But then what happens when those tasks reduced. And it's the two of you. So, I wholeheartedly believe what you're saying. It's coming back towards each other as opposed to drifting, but that drifting, I can see how that easily happens to many people. so thank you for reiterating that. Now, what is the impact of caregiving on relationships of couples over 50? And how does caregiving affect relationships?Julia:
So, a lot of couples end up in this very uncomfortable position where they may be taking care of their aging parents at the same time that they are raising their children and working a full-time job, or at least a part-time job. And the stresses is intense. So one way that caregiving impacts couples, is that, we have to as a member of the couple, we have to really be empathic with our partner's level of stress and what they're dealing with and whatever they're feeling about, maybe how the aging parent is doing. If they're doing poorly, those there's anticipatory grief, there's, fear of loss. And, if we're the, if we're the caregiving child, adult child, then we need to, find ways to do some self care, to get a break, to ask for help. If we're the spouse, we really need to participate in that care as well as just be there for our partner in their struggles and talk it through and let that person blow off steam, say some, some things that they're frustrated about without feeling shame or that they've failed. It just has to have, the couple needs to have open communication as much as possible.Barry:
And I'll just add a personal note here, and Julie and I were family caregivers for our own parents for nine years, from 2000, from 2018, to excuse me, 2008 to 2017. First for Julie's father, and then for my stepfather, then for my mother, you know, just happened one after one right after the other. And there were times when, because each of us were focused on caring for our parent, we had to put our relationship on the back burner. But the non caregiving spouse at that point had to be supportive any way ahead and had to tolerate the fact that our spouse was focused. Their primary attention was focused elsewhere. But I also say that there's a potential, that caring for an aging parent can pull a marriage apart in unless there's attention, paid to the marriage as well. So there always has to be a balance. So when we were, when my mother and stepfather moved up from Florida to live in an apartment, a mile from our home outside of Philadelphia, I felt very compelled to have dinner with my mother and stepfather. Almost, no, it was three times a week, and I don't think Julie wanted to have, dinner with her in-laws three times a week. And we had a little bit of tension there and then she helped me understand over time that, that I was having dinner three times a week with them, not because they needed dinner three times a week, probably almost because really, to assuage my own guilt. And that, my guilt, was both causing me to over-function with them and also pull me away from her and our children more than was necessary. And so, I had to rebalance a little bit and find a sustainable balance where I was doing what I needed to do as a caregiver for my mother and stepfather, but also doing what I needed to do as a husband and as a father to my then teenage children. And in order to make sure that I was taking care of everyone and nurturing those relationships. And so, that, that rebalancing was very important.Julia:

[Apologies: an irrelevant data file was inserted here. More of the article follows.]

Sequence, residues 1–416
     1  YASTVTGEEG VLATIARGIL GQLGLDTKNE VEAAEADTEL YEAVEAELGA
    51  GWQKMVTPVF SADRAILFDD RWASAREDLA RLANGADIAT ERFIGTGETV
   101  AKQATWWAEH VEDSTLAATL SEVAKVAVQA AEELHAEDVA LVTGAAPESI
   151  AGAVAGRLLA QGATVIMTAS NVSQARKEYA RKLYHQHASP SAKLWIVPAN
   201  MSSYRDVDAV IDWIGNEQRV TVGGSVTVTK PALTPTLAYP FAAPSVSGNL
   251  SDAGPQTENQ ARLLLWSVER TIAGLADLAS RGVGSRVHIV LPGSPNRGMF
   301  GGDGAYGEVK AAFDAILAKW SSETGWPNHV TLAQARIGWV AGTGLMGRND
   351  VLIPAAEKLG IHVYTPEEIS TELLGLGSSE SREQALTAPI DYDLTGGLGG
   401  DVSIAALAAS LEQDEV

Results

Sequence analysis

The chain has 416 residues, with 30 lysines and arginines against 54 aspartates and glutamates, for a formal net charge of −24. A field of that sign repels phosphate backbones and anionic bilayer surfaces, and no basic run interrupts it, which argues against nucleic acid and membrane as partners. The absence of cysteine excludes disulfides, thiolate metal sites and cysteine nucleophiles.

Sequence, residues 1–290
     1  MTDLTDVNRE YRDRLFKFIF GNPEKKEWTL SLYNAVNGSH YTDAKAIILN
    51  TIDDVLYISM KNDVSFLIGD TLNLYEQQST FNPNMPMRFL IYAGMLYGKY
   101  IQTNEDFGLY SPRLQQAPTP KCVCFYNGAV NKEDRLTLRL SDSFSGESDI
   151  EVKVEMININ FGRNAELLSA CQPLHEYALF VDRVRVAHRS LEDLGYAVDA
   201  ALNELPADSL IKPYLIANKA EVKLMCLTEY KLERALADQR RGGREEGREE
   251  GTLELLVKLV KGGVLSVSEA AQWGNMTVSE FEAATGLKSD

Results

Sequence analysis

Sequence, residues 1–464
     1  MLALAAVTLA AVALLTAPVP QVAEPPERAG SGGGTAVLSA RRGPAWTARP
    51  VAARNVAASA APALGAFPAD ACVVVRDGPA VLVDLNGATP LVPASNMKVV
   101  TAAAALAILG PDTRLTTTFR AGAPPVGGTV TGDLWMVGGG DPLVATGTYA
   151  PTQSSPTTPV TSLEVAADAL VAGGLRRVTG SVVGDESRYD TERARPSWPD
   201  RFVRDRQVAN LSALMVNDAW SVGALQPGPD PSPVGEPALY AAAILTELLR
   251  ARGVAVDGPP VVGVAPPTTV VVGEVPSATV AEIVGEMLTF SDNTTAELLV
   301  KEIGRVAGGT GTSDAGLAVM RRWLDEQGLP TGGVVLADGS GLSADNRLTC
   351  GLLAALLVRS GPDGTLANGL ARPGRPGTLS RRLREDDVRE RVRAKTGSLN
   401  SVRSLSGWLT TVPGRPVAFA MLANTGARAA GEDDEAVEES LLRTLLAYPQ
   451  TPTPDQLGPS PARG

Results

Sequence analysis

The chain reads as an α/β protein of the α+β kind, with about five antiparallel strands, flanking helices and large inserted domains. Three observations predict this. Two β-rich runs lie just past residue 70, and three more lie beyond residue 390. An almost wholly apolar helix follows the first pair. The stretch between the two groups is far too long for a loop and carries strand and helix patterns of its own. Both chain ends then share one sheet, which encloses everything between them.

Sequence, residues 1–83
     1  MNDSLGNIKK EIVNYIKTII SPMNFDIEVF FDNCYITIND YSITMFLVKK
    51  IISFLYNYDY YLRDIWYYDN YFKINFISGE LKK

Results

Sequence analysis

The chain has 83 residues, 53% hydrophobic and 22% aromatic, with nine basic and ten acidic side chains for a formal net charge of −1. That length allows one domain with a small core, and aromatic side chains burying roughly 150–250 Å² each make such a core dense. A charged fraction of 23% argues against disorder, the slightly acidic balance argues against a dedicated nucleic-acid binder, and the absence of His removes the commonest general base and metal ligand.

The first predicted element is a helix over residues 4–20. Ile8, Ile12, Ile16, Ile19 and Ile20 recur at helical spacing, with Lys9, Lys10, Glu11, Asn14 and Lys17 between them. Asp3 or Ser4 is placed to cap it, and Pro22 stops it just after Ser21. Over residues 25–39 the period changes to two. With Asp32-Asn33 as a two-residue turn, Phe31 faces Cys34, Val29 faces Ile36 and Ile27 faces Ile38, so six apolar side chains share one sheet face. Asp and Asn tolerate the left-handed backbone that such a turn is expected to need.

And just to add to that, I had to on many occasions, understand that Barry's mission was to do the best care he could for his parents. And so, that I needed to step back and let him do that a lot of the time, just as he had allowed me to do with my father. And it was really important to me because, as a caregiver, there are ways in which you want to behave, you want to do certain things for your parent. And if your spouse is fighting you on that, it is taking away from your own personal mission. And that's important.Hanh:
Yeah. I can relate. I think once your spouse becomes a caregiver and so are you because you need to support your spouse and it is very difficult because you're fulfilling the role of a spouse, of a father, and of a son, and those are heavy roles to fulfill and do the best that you can. I'm right there with you. The word guilt is it's unfortunately it's commonly a feeling that we all experience. Somehow we just have to just admit that we're not perfect human beings. We do the best that we can, just what you said, you balance, you do the best that you can to be available, whether it's one, two or three days, for your mom. And then of course, a balance to be there with the games for your kids and then being there for your spouse. It's definitely a fine balance. Put it that way. So I agree with you.Barry: